Trying to demonstrate a party’s power to kill popular legislation is an interesting approach to governance. Right now, the Republicans are getting hammered, primarily for their refusal to repass the PACT bill, which is a real blow to veterans. Veterans’ advocate and comedian Jon Stewart has been especially vocal today, calling out Republican senators at the Capitol and then on a number of media shows, going “nuclear,” as the Military Times put it, over the undermining of medical treatment for veterans exposed to toxic burn pits in Iraq and Afghanistan. “[I]f this is America First,” he said, “then America is f*cked.”
At the end of the day, it is still possible that the bill will pass, but it will not come up until Schumer reschedules it, meaning the Republicans are simply going to have to endure the hits they are taking for this fit of pique until he decides to give them some cover.
Indeed, the demonstration that Republican leadership wants power to kill popular legislation creates an opening for Democrats and Republicans eager to break away from the party’s current extremism.
That showed in today’s vote in the House on the CHIPS bill, when 187 Republicans voted no but 24 Republicans, including Liz Cheney (R-WY) and Adam Kinzinger (R-IL), both of whom sit on the House Select Committee to Investigate the January 6th Attack on the U.S. Capitol, joined the Democrats to vote yes. The 24 representatives did so despite the fact that Republican leadership was urging them to vote no, and although the Democrats all hung together and therefore Republican votes were not necessary to pass the measure.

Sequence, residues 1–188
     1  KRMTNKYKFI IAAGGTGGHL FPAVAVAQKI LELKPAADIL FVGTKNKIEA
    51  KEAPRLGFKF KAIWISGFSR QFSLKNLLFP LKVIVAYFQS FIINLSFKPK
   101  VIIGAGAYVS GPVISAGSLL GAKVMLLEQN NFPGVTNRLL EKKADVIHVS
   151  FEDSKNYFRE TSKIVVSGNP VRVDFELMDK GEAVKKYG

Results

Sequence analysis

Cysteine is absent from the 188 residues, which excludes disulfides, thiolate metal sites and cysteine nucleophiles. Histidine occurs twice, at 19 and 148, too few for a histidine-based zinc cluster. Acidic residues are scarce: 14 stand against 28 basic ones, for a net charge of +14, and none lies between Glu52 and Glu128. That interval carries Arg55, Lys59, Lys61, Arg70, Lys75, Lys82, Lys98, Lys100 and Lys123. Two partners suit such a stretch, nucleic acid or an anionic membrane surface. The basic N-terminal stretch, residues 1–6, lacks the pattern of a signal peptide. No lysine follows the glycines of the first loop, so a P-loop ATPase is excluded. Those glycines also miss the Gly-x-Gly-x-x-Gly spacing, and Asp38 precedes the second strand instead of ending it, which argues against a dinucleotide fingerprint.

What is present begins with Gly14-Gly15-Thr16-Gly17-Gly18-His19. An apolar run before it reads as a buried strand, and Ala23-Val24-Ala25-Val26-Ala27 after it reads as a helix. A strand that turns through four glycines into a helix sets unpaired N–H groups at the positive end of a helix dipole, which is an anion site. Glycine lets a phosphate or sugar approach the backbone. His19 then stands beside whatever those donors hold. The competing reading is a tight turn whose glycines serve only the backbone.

The momentum growing behind the Democrats as Republicans begin to buck House minority leader Kevin McCarthy (R-CA) and Senate minority leader Mitch McConnell (R-KY) seems as if it might reflect the realization that more information will be coming from the January 6th committee and that it is unlikely to be the sort of information that reinforces faith in the Republican Party.
News broke today that U.S. Secret Service director James Murray, who resigned with a plan to leave at the end of the month, has now delayed his retirement from the force as it is under investigation. Washington Post reporters Carol D. Leonnig and Maria Sacchetti also broke the news that it is not just the texts of Secret Service agents that are missing from the days before January 6. Also gone are text messages from Trump’s acting secretary of homeland security Chad Wolf and acting deputy secretary Ken Cuccinelli, also lost in a “reset” of their phones.